Was the jury's award of $13,000 excessive?
There was evidence tending to show that plaintiff, fifty-four years old when injured, had been in good health. Plaintiff was an excellent housekeeper; did all of her household work; and was a marvelous cook. She and her husband were born in Scotland. They came to the United States in 1921, and in due course became naturalized citizens. Plaintiff had been active in the work of the Council of Naturalization of which she was a director. Those active in the work of the Council appear in naturalization cases and "say a word of welcome to these new citizens." Plaintiff was also active in church work; she helped prepare and serve dinners at the church; an accomplished pianist, she played the piano for her Sunday School class and upon occasion played solo, and accompaniments for vocalists. The nature of her injuries has been stated supra. There was evidence that, due to her injuries, plaintiff has between fifty and seventy-five percent disability of the normal use of the right arm and hand. Her hand is now held somewhat rigidly in a claw-like position. There is loss of flexion and abduction of the fingers, and the skin of the hand is "shiny." These conditions are permanent, and may become worse. It was almost a year before plaintiff could do anything around the house. She has not succeeded in having a great deal of muscular improvement in her hand since the removal of the cast some seven weeks after her injury, although she has exercised and practiced physical therapy, including massage. With her right hand she can't pick up anything heavy, such as a cooking utensil; *478 and it is difficult for her to hold anything small, such as a needle. She can now do only light housework, such as dusting; and she can cook a little using her left hand. She still experiences continuous pain and numbness in the right arm "from the shoulder clear down," and feels nervous and ill, generally. She has "worked on" playing the pianoshe can play "but not very good." She has been obliged to forego her activities in the work of her church and in civic affairs.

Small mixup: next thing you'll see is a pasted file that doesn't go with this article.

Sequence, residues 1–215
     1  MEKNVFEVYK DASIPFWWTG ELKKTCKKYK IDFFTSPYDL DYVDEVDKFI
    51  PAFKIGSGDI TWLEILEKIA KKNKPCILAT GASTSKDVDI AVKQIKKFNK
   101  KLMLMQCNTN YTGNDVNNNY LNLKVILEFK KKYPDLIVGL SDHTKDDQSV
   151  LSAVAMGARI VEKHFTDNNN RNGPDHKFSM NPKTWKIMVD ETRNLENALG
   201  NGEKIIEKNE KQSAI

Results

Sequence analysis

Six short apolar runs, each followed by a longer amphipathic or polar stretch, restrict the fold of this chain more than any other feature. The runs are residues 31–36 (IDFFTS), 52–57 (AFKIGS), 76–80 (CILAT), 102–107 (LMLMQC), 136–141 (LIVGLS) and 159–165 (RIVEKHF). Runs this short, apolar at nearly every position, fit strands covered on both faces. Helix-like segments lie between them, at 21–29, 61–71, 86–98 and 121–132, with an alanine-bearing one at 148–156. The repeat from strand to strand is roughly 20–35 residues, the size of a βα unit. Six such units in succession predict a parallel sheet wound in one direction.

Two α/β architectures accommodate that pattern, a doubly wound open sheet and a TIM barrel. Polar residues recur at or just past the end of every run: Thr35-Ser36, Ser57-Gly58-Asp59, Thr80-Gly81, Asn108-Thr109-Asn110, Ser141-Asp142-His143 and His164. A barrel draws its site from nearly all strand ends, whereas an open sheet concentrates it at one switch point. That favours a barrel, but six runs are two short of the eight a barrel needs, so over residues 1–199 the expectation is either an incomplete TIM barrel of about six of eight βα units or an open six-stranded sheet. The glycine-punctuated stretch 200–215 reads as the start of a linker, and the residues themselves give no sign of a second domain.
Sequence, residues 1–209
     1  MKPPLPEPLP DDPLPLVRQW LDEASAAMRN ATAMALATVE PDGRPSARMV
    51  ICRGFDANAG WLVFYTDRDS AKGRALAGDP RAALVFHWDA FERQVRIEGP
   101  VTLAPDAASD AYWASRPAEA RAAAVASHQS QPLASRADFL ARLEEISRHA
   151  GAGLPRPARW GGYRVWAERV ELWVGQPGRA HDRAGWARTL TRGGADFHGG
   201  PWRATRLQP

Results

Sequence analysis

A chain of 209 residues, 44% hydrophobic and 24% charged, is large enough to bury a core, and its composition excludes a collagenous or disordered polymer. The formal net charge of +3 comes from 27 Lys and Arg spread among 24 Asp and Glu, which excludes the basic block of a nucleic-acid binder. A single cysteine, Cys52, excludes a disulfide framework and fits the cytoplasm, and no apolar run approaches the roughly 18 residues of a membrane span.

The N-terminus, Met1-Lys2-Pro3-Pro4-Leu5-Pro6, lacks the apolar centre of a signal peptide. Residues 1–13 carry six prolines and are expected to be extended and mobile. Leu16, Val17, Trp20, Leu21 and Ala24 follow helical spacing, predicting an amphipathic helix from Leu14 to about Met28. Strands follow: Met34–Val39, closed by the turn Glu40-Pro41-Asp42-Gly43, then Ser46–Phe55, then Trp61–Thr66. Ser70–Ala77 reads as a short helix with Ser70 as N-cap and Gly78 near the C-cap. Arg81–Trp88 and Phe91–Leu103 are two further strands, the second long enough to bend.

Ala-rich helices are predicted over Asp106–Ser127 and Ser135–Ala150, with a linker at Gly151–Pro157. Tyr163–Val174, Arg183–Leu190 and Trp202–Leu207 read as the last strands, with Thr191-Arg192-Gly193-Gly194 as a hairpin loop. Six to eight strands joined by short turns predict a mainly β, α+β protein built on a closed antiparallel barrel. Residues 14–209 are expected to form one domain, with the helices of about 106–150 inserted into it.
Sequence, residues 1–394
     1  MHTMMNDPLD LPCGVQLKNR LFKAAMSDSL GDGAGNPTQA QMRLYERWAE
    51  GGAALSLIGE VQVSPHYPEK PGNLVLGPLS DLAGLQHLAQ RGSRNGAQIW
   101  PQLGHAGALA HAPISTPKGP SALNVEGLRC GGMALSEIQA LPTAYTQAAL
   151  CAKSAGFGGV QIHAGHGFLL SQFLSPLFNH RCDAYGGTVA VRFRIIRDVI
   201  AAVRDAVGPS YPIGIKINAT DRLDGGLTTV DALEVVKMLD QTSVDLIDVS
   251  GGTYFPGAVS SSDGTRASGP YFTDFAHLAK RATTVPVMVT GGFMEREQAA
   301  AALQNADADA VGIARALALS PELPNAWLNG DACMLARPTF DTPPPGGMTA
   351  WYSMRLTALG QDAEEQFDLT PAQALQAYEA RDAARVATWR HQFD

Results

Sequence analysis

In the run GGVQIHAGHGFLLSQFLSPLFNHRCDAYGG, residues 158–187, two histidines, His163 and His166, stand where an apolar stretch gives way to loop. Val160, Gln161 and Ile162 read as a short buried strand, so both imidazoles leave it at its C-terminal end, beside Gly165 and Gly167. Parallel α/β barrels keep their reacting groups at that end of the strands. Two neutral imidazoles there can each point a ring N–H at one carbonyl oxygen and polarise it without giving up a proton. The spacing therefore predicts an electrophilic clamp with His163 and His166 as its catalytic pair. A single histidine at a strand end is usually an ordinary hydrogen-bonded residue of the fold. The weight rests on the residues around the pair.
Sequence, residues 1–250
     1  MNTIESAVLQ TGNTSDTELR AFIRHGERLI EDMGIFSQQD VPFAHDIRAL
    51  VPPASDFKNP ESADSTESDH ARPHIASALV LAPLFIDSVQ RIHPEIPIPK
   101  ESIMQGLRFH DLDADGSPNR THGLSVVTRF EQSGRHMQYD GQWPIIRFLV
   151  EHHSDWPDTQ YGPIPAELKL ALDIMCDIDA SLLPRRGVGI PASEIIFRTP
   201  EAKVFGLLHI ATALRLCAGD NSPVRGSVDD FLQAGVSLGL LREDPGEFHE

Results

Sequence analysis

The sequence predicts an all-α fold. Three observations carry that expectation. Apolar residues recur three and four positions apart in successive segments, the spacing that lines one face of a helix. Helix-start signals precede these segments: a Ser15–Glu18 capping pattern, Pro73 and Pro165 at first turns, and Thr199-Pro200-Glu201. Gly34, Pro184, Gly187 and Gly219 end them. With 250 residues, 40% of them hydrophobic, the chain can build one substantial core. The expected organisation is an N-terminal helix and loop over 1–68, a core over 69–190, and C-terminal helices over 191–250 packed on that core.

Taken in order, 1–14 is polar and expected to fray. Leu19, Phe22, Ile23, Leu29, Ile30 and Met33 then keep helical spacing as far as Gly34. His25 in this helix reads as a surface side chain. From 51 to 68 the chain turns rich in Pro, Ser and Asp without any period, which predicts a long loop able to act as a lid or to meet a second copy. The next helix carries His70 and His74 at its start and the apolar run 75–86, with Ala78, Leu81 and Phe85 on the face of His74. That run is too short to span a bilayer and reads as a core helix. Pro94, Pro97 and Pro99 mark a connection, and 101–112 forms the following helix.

Plaintiff, a housewife, was not engaged in any employment yielding a salary, and no loss of salary or other special damages such as medical expenses and expense for hospitalization were shown. But we have no doubt the evidence supra, which we shall not restate here, tending to show the nature and extent of her injuries, considered from the standpoint most favorable to plaintiff, demonstrates the permanency and painfulness of her injuries, and they may be progressive. On the issue of the excessiveness of the award, the nature and extent of plaintiff's injuries as well as the personal inconvenience and handicap resulting therefrom may be taken into account by a jury, by a trial court, and upon appeal, by an appellate court, regardless of the absence of evidence of special damages. Burr v. Kansas City Public Service Co., 365 Mo. 115, 276 S.W.2d 120. And we suppose the jury and the trial judge may have also considered, in making and approving the award, plaintiff's anguish in being obliged to forego her church and civic activities and her music, and in the loss of the prideful efficiency with which she had formerly performed her housewifely duties, as well as the embarrassment she must suffer because of the physical aspect of the unnaturally glossy and claw-like right hand. Douglas v. Twenter, 364 Mo. 71, 259 S.W.2d 353; Jensen v. Kansas City, 361 Mo. 967, 238 S.W.2d 305.